Singer, dancer and former Czech Pop Idol finalist Ben Cristovao has won the
national round and will be representing the Czech Republic at this year’s
Eurovision Song Contest, Czech Television announced on Tuesday. The
32-year-old of Czech-Angolan heritage who was born in Plzen has changed his
name for the competition to the shorter Benny Cristo and will be performing
the song Kemama, which he co-wrote with Osama Verse-Atile, Charles Sarpong
and Rudy Ray.
This year’s Eurovision Song Contest 2020 begins at 9:00 PM on Tuesday, May 12 and ends on Saturday, May 16. It will take place in Rotterdam, Netherlands following the country's victory in last year’s competition.
The former Minister of Transport, Vladimir Kremlík, who lost his post two
weeks ago after a hackathon organised by IT specialists showed a government
tender for a new motorway electronic vignette system was overpriced, has
told news site Seznam Zprávy that he was offered a CZK 1.5 million bribe
to let CGI, the company that won the tender, keep the project.
Mr Kremlík says he informed the Czech counterintelligence service (BIS) about the offer and that he met with its director. According to an unnamed security services source quoted by Seznam, BIS then contacted Prime Minister Andrej Babiš about the situation. However, Mr Babiš denies this and BIS has refused to comment.
Just 3.4 percent of people working in the Czech Republic rank below the
poverty threshold, the latest Eurostat data for 2018 show. Only Finland
scored better in the statistic and it is the lowest income poverty rate in
Czechia in the past 10 years. On average, every tenth EU citizen’s income
lies below the poverty threshold.
The result is thanks to the wage-to-price difference, sociologist Daniel
Prokop told Czech Radio. In Luxemburg, for example, the median rate is
twice as high as in the Czech Republic and those on low income jobs are
therefore more likely to fall into poverty than in Czechia.
Romania placed last according to the statistic, with every sixth worker threatened by poverty.
The Czech government budget found itself in a deficit of CZK 8.8 billion in
January, data released by the Ministry of Finance shows. It is the first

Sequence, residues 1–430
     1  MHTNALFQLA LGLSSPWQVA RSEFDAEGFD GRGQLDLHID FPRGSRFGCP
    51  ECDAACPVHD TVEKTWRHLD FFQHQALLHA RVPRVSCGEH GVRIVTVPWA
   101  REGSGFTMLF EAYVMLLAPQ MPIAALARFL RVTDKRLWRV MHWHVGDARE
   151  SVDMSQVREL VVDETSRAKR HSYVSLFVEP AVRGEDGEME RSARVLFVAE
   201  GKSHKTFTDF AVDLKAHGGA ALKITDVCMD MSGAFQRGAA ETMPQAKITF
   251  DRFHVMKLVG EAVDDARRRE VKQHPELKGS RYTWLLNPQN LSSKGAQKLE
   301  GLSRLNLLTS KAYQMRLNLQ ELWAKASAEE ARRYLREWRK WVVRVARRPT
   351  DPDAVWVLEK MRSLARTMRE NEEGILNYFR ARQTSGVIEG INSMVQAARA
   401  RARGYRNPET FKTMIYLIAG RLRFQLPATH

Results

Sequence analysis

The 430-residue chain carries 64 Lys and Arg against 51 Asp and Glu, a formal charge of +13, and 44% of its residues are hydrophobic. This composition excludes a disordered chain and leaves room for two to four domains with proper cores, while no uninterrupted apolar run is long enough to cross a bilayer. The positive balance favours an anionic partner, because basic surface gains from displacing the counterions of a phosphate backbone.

time that the country has had a January budget deficit since 2003, the
Czech News Agency reports.
According to the Finance Ministry, increased funding for the State Transport infrastructure Fund, higher pensions, teacher salaries and EU budget contributions are among the reasons behind the red numbers. Chief economist at investment firm Czech Fund Lukáš Kovanda told Czech Television that the slowdown in the Czech economy, unforeseen by the government, plays a role as well.
The tender on an online system of motorway vignette sales, cancelled by
Prime Minister Andrej Babiš after IT specialists organised a hackathon
where they designed a similar system free of charge, included a
sophisticated surveillance system, online news site Seznam Zprávy reported
on Monday. Seznam claims that the public data gathering system was agreed
to by the Ministry of Transport in cooperation with the Czech secret
services and police.
Former Transport Ministrer Vladimír Kremlík, who was sacked because of the overpriced tender, told Seznam that the system was supposed to be capable of photographing license plates and “logically, more than that”. He also admitted that a part of the proposed system was kept under secrecy.
The head of the Czech counterintelligence service refused to comment on the story, but last week the organisation’s spokesman Ladislav Šticha said that intelligence services’ access to data on vehicles and their owners was expected from the beginning and is supported by legislation. However, only in so far as accessing the license plates and vignettes registers.